Why Houses Work - or Don't
With newer and smarter technological marvels hitting the marketplace daily, it seems reasonable to expect that something as basic as a house should do what it is intended to do.
January 01, 2001
At a minimum, your house should be safe, durable, comfortable, healthy to breathe in, and energy efficient. But the fact is that you are quite likely to experience problems in your house such as mold, cold drafts, rotting roofs, polluted air, and high energy costs. Any one of these performance problems is an indication that your house is not performing as it should: It is sick, and it needs a diagnosis and cure.
While these performance failures are all distinct types of problems, they have a common cause. They stem from a failure to understand the complex, interactive system that is a home. Surprisingly, until the last 15 years, very little scientific research had been conducted into how homes and buildings actually function. Instead, builders and contractors relied almost totally on "knowledge" handed down through word of mouth in the trades. Then when things went wrong, they had little to tell them why. Their fixes were usually based not on an understanding of how homes really function, but on what was traditionally done. Sometimes these fixes worked; often they didn't.
Compounding the problem, the traditional view of homes is that they are simply a set of components that are for the most part independent of each other. Too often, the separate components of a home are designed by people who don't communicate with each other. The architect designs for aesthetic appeal but not for energy efficiency or even for long lasting performance. The framer builds the frame of the home for structural stability but not for airtightness. The mechanical contractor designs and installs the heating, air conditioning, and ducts but rarely thinks of the occupants' needs for fresh air. The common insistence on seeing these construction "specialties" as separate can cause a host of home performance problems.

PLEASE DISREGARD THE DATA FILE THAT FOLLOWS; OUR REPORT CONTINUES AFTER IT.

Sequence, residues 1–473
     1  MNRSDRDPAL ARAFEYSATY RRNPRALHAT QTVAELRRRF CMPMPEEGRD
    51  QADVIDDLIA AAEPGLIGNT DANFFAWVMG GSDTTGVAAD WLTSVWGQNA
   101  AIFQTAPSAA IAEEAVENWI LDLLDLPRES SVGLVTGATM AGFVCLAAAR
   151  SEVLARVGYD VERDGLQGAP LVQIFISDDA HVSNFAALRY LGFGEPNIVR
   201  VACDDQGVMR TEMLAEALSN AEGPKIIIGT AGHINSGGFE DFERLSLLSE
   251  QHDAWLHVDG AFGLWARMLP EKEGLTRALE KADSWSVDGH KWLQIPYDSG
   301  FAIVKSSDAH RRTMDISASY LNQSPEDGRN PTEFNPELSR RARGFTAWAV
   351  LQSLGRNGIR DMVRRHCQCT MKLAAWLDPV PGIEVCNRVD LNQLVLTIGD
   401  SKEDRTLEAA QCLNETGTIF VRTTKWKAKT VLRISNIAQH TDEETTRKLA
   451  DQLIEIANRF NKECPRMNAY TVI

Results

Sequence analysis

In the last 15 years, there has been a revolution in the science of diagnosing and curing sick buildings. Through the process of applying scientific methods and instruments to the study of buildings, scientists have come to realize that buildings are like people. They must keep moisture out via a continuous watertight skin. They must provide clean, fresh air for the occupants while at the same time maintaining comfortable temperatures. They must not take in too many toxins, and when toxins do get in they must be expelled quickly. Houses must also be affordable to live in.
Perhaps the most important realization has been that buildings--like people--function as a system. Building scientists and home performance specialists--a small but growing group of well-trained professionals--have measured and documented how all the different components in a home interact with and affect one another. When one part goes wrong, it will inevitably effect other parts that may seem on the surface to have no direct connection. We have come to know that the different parts of a house are as interdependent as the organs of a living being. Houses should therefore be designed and treated so that all the different parts of the system interact in a way that is beneficial, and they should be treated this way when they are sick.
This series of articles was made possible by a grant from the U.S. Environmental Protection Agency's Energy Star Program
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